Milk has been named the item most likely to expire in the nation’s fridges, with almost half caught by a sour scent in their carton.
A survey of 2,000 Americans has revealed 46 percent think milk is the item in their home most often thrown away because the milk inside the bottle has gone bad.
Other dairy products such as yogurt and cheese were also highlighted as products likely to overstay their welcome in the fridge before going in the garbage.
The average American believes they spend $82 each week on food and drink, but nearly $16 of this will end up being thrown away after going out of date.
Divya Chopra, CEO, Noluma, which requested the study, said: “With each American throwing away an estimated $1,000 a year in out-of-date food as a result of inadequate packaging or storage, it is clear the issue has significant financial implications. This can be reduced through consumer education, protection from indoor light damage and better packaging.”
One in five Americans are happy consuming an item which has passed its use-by date, and over a quarter will risk a bite of a product past its best-before date.
More specifically, those surveyed believe cheese is safe to eat 10 days on from its use-by, and milk has a grace period of five days beyond the marked date.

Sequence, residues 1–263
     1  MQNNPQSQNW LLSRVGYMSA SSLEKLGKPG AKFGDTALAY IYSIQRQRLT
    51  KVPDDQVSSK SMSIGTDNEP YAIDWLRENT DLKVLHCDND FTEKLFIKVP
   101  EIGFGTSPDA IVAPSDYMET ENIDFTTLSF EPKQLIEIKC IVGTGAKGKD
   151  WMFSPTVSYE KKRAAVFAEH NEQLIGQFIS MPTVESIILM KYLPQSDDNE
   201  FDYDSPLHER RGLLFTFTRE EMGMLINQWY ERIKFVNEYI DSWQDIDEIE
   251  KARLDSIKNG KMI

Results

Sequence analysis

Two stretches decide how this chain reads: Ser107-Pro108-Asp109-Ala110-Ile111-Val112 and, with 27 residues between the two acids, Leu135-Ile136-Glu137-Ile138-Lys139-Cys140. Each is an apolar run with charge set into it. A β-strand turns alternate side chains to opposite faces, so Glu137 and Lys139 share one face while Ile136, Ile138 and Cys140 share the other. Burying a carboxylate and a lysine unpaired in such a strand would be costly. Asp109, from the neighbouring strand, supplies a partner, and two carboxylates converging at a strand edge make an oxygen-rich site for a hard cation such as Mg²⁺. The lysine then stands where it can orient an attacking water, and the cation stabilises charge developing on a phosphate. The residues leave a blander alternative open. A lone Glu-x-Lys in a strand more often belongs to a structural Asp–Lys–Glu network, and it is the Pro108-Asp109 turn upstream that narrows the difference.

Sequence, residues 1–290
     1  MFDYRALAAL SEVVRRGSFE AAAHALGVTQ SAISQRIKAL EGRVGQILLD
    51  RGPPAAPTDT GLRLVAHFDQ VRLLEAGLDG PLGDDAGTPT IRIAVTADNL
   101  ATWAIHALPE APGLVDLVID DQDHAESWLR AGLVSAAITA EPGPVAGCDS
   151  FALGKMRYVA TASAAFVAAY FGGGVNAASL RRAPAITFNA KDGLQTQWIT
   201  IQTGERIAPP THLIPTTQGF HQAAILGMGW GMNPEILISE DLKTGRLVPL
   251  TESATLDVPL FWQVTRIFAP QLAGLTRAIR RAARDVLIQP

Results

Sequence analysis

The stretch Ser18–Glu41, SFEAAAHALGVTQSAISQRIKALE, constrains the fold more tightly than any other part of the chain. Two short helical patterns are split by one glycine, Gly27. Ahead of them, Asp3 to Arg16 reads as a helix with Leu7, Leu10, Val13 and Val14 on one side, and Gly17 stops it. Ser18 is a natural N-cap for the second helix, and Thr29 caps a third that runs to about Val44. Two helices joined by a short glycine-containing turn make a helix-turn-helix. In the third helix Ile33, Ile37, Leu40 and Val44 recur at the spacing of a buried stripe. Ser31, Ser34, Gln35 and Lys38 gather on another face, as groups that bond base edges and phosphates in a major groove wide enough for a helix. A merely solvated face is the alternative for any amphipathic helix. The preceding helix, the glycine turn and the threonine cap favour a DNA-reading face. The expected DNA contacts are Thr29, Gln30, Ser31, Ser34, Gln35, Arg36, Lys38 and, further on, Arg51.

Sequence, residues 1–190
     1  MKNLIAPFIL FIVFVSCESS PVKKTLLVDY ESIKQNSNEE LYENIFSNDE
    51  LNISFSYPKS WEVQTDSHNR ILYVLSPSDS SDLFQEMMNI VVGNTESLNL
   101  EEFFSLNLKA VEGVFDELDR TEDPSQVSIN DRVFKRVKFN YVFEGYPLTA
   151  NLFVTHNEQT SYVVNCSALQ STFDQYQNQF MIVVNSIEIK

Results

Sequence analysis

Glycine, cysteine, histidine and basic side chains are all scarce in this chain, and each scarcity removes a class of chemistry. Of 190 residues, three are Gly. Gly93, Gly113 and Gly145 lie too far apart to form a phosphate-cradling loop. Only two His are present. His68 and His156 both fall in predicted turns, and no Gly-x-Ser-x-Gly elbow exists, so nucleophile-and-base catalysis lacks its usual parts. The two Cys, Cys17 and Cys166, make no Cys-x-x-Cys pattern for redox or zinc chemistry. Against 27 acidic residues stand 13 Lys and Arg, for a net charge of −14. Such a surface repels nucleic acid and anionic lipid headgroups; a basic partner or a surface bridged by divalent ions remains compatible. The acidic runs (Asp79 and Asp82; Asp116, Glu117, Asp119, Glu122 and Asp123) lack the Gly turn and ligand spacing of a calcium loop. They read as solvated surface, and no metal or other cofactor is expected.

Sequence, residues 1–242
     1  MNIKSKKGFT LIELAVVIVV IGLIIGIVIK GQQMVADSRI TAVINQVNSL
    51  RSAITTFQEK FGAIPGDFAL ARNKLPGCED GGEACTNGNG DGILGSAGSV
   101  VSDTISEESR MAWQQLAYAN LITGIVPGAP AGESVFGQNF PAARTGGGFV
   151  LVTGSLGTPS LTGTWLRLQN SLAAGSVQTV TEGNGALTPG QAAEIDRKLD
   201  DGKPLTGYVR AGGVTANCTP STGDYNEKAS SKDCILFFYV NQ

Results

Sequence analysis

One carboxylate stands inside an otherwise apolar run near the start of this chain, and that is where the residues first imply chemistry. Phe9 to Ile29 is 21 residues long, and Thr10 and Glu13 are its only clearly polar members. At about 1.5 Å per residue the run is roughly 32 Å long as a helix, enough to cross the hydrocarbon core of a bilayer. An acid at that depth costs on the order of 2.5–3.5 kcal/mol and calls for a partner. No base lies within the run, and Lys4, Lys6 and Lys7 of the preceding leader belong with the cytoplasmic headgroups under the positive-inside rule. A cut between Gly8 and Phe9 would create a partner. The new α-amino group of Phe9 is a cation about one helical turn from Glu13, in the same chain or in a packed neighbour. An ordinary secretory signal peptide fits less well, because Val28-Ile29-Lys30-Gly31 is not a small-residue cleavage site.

A cup of yogurt is still deemed good to go eight days after its time has come, while Americans believe cookies, soda and condiments are all safe to consume for an additional two weeks.
One in six Americans will risk eating something past its use-by date so that it doesn’t go to waste.
When it comes to correct food storage, 85 percent think the rightful home of a carton of eggs is in the fridge.
A third of those surveyed prefer their chocolate treats refrigerated, compared to 49 per cent who demand their confectionery at room temperature.
Thirty-seven percent of Americans leave their loaf of bread in a cabinet, and one in six keep it on the countertop.
Storage in the wrong place was identified as the factor most likely to cause an item to expire before its time, followed by being stored in damaged or open packaging and exposure to heat.
Three quarters of respondents were unaware that exposure to a light source can cause certain foods and packaging to deteriorate at a faster rate.
And only one in 10 Americans who participated in the survey, conducted by OnePoll.com, identified light-protected packaging as an effective way to keep products fresh up to their use-by date.
Chopra added: “We think consumers should also be made aware of some of the other factors which can lead their favorite foods and beverages to sour before they can be used, such as the surprising impact of indoor light on certain products, including LED, fluorescent and refrigerator lights.
“Correct storage and light-protected packaging is important to prevent foods from expiring quicker than we expect.
“Certification of light-protection is the only way for consumers to be assured that the produce they are buying is being light-protected by the highest industry standards.”